Without a doubt Rio de Janeiro is one of the most photogenic, dramatic and beautiful cities I have ever
visited, the views of the city itself are one of its biggest draws. It used to be the capital of
Brazil until the purpose-built Brasilia showed up in the 60s, and it is the second largest city with
something between seven and twelve million inhabitants, depending on when you stop counting.
Rio is also one of the most dangerous cities I have visited, based on chances of being mugged or worse.
We took plenty of precautions and managed to stay out of trouble, staying in the safest part of
the city, Ipanema, and keeping off the beaches at night. We never saw any signs of trouble or felt
threatened at any point, and had a blast.
Sugar Loaf Mountain and Botafogo district, as viewed from the top of Corcovado. The cable car takes
you to the top of the mountain, about four hundred metres high, where we sat on the terrace, drank beer
and watched the sun go down.
Cristo Redentor, the statue of Christ the Redeemer, stands on top of Corcovado watching over the City
of God. Having done our research, we knew to steer well clear of the actual City of God, itself a
favela. The statue was built in the 1930s to give Rio a distinctive international landmark, and is
as synonymous with Rio as the Eiffel Tower is to
Paris, or the Burj al Arab to
The cable car which takes you up to the top of Sugar Loaf Mountain, as ridden by James Bond in Moonraker,
and destroyed by Jaws. A student project had left a Vauxhall Corsa hanging from one of the redundant
cables, you can see it about halfway down. Copacabana Beach is on the top left of the photo.
I was really pleased to spot this ring-tailed lemur on Sugar Loaf, until I was reliably informed that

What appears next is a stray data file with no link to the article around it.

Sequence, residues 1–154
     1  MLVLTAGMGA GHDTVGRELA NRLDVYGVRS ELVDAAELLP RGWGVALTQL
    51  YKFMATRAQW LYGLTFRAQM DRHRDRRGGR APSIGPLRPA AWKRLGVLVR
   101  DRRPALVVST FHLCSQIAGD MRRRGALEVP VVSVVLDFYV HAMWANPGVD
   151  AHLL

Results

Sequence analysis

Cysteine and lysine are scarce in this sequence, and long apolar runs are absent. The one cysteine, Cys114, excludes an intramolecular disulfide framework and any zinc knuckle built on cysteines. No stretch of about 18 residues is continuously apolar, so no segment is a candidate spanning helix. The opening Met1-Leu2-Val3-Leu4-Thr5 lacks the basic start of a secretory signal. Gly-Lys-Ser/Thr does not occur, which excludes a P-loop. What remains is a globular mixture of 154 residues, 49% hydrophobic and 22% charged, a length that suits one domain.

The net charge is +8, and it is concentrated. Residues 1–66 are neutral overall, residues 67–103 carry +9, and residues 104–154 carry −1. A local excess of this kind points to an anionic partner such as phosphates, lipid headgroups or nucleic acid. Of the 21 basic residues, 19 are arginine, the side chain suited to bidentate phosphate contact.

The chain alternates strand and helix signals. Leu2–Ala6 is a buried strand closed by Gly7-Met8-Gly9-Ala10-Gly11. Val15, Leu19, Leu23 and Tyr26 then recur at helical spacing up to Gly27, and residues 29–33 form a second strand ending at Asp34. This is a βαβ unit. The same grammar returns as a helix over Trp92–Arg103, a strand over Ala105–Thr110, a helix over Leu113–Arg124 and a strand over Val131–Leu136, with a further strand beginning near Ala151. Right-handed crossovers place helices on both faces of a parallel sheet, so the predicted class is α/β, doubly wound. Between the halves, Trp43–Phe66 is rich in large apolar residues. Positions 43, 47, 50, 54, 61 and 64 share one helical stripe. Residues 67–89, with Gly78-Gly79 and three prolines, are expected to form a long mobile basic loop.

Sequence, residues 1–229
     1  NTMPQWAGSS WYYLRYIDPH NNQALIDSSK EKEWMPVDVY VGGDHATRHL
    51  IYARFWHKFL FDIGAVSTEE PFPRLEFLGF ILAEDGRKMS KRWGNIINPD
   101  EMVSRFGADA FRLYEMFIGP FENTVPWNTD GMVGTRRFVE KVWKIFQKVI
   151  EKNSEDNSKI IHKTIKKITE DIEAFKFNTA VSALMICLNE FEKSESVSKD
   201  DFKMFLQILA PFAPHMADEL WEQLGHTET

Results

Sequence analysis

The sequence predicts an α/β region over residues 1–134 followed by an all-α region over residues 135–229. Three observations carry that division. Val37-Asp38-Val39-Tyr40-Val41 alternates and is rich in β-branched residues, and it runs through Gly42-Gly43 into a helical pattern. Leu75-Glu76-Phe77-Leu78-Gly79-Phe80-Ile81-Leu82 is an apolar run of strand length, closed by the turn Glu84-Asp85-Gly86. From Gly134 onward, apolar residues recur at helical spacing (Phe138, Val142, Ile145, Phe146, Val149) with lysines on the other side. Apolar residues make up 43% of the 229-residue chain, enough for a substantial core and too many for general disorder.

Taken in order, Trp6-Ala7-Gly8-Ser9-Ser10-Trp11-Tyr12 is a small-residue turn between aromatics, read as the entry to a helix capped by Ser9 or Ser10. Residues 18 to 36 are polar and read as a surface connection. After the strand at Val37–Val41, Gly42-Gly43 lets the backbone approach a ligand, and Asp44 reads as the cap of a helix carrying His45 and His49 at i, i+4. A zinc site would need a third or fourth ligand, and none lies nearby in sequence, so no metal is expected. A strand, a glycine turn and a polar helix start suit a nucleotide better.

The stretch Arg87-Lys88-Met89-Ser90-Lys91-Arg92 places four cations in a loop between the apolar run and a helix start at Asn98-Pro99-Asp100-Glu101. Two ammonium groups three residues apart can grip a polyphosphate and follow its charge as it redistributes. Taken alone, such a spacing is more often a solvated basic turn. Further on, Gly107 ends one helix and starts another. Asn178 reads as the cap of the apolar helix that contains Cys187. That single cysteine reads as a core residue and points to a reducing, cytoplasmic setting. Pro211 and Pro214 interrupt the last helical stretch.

it couldn't be a ring-tailed lemur, as they only live in Madagascar. Clearly being nothing of a zoologist,
I have no idea what it is, but it was having fun hopping about the trees.
We were treated to a full sunset view from Sugar Loaf towards Botafogo. Corcovado is the highest peak
in the background, with the statue floodlit.
Brazil's shanty towns or favelas are notoriously dangerous, there was only one which we could hope to
venture into and come out in one piece, with a guide of course. Rocinha is home to over a quarter
of a million people, and is the only favela to be officially recognised as a district of the city proper.
In Rocinha this cheery minstrel played "The Girl From Ipanema" for us, and then he sold us his CD.
Close view of some of the narrow passageways in the favela - there is only really one road which snakes
up the hill, everything else is carried by mule or by hand.
At the top of Rocinha we could see right down to Sao Conrado, one of the richest districts in the city.
Quite a contrast.
In order to get a better view of Sao Conrado, we leapt off a five hundred metre cliff and glided over
the top of it! This is one of few activities I've taken part in where signing a death waiver was required.
The next was visiting the
North Korean border.
Of course I flew with my camera, but this is about the only half-decent snap I managed to get from the
hanglider. I was more pleased about not dropping it. Sao Conrado beach, with Rocinha stretching
up the hill in the distance.
Ipanema beach, four blocks from our hostel, with one of the many Rio mountains in the background. This is
Morro dois Imraos, the Two Brothers Mountain. The tower of the Sheraton Grand helps give a scale of the
mountains - they are big, with Corcovado itself being well over two thousand feet.
The view from Corcovado down to Ipanema, the stretch of land between Lagoa Rodrigo de Freitas and the
ocean. Ipanema is the safest place to stay in Rio, much more so than Copacabana which is a favourite
spot for muggers, due to the large number of tourists!
Once again the statue of Christ the Redeemer, who kept fading in and out of view with the cloud. It
was a lot colder up here than down at beach level, and there was always some clown doing the arm thing
in front of the statue! Myself included. I would see a very similar statue several years later, when visiting